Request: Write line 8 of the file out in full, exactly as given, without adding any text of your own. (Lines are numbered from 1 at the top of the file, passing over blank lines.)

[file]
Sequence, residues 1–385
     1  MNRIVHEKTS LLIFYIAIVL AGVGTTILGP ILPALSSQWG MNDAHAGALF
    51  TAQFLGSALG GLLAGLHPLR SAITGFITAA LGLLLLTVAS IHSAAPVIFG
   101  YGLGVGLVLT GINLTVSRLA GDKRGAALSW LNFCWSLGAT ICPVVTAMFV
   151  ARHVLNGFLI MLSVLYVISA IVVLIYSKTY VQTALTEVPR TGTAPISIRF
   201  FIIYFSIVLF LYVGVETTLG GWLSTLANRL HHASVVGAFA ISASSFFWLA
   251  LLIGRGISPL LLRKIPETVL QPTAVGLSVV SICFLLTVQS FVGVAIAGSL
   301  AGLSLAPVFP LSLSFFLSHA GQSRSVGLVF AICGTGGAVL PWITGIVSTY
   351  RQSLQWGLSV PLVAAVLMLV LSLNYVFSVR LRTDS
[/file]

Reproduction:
   301  AGLSLAPVFP LSLSFFLSHA GQSRSVGLVF AICGTGGAVL PWITGIVSTY